Voice of Play Interview

Susie McGee
Joe Frost discusses the importance of outdoor play for children.

Dr. Joe Frost serves on the Voice of Play Board of Advisors, a group of professionals focused on advocating outdoor play, an essential part of every child's healthy growth and development.

Please tell us about yourself.

I've been a researcher, teacher, student and author in the field of play and child development for more than 40 years. My latest book, A History of Children's Play and Play Environments: Toward a Contemporary Child Saving Movement is scheduled for publication in New York and London by Routledge by November 2009.

Why is it important for children to go outside and play?

Outdoor play is vital for children's fitness, health, learning and development - physical, emotional, social and cognitive. Voluminous research by scholars in many disciplines confirms that diets of junk food and sugary drinks, fast food consumption and excessive sedentary cyber play contribute to the growing prevalence of obesity, rickets, fatty liver disease and early circulatory disease. The National Center for Health Statistics reports that the percentage of elementary-age children considered obese doubled since 1980, from 7 percent to 14 percent. Outdoor free play is a cornerstone to preventing and combating such health effects.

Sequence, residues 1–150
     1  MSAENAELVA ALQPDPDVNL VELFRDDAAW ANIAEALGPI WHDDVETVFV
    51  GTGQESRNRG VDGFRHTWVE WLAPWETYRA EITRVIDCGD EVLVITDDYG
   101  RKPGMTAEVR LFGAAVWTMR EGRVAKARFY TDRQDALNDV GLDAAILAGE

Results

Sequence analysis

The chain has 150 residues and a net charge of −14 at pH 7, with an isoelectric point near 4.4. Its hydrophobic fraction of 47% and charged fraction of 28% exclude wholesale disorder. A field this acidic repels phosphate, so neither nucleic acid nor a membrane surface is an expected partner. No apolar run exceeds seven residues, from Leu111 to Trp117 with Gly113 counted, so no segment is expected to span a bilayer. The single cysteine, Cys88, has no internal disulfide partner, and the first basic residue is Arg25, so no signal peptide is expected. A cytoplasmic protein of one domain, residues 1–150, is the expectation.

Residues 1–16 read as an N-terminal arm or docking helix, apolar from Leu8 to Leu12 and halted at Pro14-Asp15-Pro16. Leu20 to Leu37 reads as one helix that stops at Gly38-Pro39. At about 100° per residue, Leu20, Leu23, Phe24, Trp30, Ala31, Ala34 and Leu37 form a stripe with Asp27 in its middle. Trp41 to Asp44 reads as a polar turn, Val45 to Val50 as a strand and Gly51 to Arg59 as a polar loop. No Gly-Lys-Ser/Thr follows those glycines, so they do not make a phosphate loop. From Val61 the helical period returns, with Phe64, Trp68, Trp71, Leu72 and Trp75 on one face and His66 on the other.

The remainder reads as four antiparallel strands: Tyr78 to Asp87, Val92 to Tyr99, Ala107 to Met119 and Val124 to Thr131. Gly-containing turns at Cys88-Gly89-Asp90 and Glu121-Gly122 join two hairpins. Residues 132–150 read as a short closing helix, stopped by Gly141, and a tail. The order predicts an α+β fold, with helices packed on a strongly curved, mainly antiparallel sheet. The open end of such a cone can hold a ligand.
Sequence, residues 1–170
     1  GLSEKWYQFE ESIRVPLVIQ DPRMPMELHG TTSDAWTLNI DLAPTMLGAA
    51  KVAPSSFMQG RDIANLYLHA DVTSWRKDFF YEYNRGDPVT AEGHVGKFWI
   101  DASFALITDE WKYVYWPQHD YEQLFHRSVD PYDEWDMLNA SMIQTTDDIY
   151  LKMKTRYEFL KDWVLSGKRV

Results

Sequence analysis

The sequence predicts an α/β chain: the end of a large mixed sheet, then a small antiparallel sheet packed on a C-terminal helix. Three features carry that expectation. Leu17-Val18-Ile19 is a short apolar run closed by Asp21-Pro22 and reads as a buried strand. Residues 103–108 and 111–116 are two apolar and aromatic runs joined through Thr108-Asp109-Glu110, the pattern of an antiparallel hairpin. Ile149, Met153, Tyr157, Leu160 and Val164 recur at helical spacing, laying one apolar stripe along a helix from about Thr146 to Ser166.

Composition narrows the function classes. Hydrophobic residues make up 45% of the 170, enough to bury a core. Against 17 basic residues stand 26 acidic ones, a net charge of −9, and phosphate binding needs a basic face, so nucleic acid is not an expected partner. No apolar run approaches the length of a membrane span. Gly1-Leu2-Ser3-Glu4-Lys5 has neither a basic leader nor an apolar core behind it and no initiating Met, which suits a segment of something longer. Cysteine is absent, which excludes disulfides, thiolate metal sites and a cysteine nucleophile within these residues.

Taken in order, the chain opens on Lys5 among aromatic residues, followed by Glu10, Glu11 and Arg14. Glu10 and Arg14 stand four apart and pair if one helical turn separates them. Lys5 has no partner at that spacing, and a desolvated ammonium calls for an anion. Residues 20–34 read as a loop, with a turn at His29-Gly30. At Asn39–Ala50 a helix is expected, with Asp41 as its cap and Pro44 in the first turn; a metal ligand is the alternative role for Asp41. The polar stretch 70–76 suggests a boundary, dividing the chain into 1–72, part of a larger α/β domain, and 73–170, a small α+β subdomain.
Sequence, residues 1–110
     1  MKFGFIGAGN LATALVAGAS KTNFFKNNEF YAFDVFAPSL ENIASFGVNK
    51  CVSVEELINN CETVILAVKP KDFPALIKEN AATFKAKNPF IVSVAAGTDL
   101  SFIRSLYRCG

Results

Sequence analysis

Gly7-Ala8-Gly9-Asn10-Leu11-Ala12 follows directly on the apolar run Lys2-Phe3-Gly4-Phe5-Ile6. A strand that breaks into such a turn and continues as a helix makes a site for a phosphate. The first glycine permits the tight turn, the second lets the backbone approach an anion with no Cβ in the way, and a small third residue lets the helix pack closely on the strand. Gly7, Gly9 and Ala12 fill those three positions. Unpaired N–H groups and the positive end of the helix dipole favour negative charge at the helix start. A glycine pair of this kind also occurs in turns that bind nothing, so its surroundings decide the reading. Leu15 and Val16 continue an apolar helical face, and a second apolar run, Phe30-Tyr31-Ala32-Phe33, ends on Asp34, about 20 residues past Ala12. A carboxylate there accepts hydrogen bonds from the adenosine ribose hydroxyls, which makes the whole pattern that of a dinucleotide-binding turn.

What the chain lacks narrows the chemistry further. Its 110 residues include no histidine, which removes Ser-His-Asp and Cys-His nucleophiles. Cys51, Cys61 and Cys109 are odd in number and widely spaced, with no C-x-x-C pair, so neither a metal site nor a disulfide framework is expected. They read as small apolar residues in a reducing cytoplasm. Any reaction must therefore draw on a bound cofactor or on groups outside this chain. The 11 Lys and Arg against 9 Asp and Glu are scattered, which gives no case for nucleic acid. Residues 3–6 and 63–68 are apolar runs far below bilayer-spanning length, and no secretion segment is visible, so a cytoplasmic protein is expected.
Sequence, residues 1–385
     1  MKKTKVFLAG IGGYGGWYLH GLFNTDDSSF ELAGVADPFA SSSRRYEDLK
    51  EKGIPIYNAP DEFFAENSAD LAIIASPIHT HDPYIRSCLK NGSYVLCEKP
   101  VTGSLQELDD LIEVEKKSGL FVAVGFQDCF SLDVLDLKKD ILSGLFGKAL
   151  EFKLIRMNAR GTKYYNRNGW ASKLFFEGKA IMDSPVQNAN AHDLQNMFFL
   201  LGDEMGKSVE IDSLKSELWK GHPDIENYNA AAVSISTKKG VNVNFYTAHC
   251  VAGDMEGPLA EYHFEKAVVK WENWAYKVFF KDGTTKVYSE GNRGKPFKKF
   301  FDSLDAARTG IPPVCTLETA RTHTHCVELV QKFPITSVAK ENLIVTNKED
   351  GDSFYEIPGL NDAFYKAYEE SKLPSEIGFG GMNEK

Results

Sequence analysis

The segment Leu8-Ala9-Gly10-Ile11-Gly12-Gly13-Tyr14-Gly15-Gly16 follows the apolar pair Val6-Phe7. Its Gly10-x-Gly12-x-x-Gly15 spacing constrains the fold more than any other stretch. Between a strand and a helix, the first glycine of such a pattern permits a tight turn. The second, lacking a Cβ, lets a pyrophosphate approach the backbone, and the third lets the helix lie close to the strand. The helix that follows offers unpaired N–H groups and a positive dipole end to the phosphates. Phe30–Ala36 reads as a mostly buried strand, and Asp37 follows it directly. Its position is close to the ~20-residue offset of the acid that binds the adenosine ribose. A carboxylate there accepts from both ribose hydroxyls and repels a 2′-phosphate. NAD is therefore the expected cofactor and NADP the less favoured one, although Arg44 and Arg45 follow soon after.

• Physical Benefits- The physical benefits of play include development of reflexes, movement control, fine and gross motor skills, coordination, strength, flexibility and balancing skills. Essential physical movements such as learning to walk, run, jump, balance, throw, climb, and slide result from spontaneous play early in life. Development of these and other motor skills is essential for forming a life-long ability to meet and master potentially risky activities at play and in everyday circumstances.
  • Emotional Benefits - Free play is an important key to a child's emotional growth. Play builds self-confidence and self-esteem, such as risk-taking, conflict resolution, imagination and socialization. Play is therapeutic, helping children cope with abuse, trauma and everyday stresses. Playground equipment such as climbers, slides and overhead apparatus presents physical and cognitive challenges that build a sense of accomplishment and motor memory, leading to higher levels of achievement and self-esteem. Playing, working and reflecting in and with the wonders of nature add complementary benefits of varied challenge, skill building and learning.
  • Social benefits - Grounds for play can form a complex social network where kids learn valuable lessons about group interaction and social norms while gaining important relationship-building skills. Children can move in and out of group play to engage in solitary play and reflection that promote creativity and sense of security.
  • Cognitive benefits - The accelerating body of research by neuroscientists, psychologists and child development researchers confirms that play is essential for healthy brain development. Through play, children learn and practice skills they will need as adults, including language, reasoning skills and behavior control. Through play, they learn about discovery, verbal skills, judgment and reasoning, negotiation skills, and creativity as they improve thought processes.

How can parents, educators, and communities maximize kids' outdoor play experiences?